Musician Christopher Battles is hoping to make his mark as an acoustic singer/songwriter. He graduated from the Crane School of Music last spring and moved from his upstate hometown -- Oswego -- to New York City. He studied percussion and music education at Crane, and when he's not busking at a subway stop or on stage at a coffee house, he's a substitute band teacher.

Next Saturday, he'll release his first solo EP recording, titled Miles upon Miles. Not quite a single and not quite an album, EPs are usually an artist's debut recording and contain just a few musical tracks.

In the coming months, Christopher Battles has agreed to share his musical journey via audio postcards. We'll hear occasional stories of his new life -- the pressures, emotional highs and lows and what it's like for an upstate troubadour in the big city.  Go to full article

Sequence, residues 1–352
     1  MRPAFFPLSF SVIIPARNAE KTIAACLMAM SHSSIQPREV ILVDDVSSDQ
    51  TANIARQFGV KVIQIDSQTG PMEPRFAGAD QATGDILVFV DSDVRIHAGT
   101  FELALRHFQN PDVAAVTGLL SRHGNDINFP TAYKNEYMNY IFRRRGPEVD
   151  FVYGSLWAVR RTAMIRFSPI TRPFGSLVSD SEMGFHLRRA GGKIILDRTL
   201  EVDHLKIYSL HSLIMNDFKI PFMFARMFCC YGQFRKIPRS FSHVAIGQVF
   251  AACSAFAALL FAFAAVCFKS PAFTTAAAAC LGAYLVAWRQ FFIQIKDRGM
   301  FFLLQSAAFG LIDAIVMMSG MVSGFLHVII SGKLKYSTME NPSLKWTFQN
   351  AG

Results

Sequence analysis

A renewed interest in songs unsung

Crane School of Music tenor Donald George tells Todd Moe why he chose to record a second volume of music by Boston composer Margaret Lang, who was the first woman to have had her music performed by a major American orchestra. She wrote more than 130 songs during the early 20th century. Though much of her music was popular during her lifetime, Lang was her own toughest critic, sometimes destroying pieces she didn't like.

Donald George and pianist Lucy Mauro have spent the last few years researching Lang's life. They produced a first volume of Lang's music last winter. With this second recording, New Love Must Rise, released this month, the two musicians continue to revive an interest in her nearly forgotten music.  Go to full article

1-10 of 86  next 10 »  last »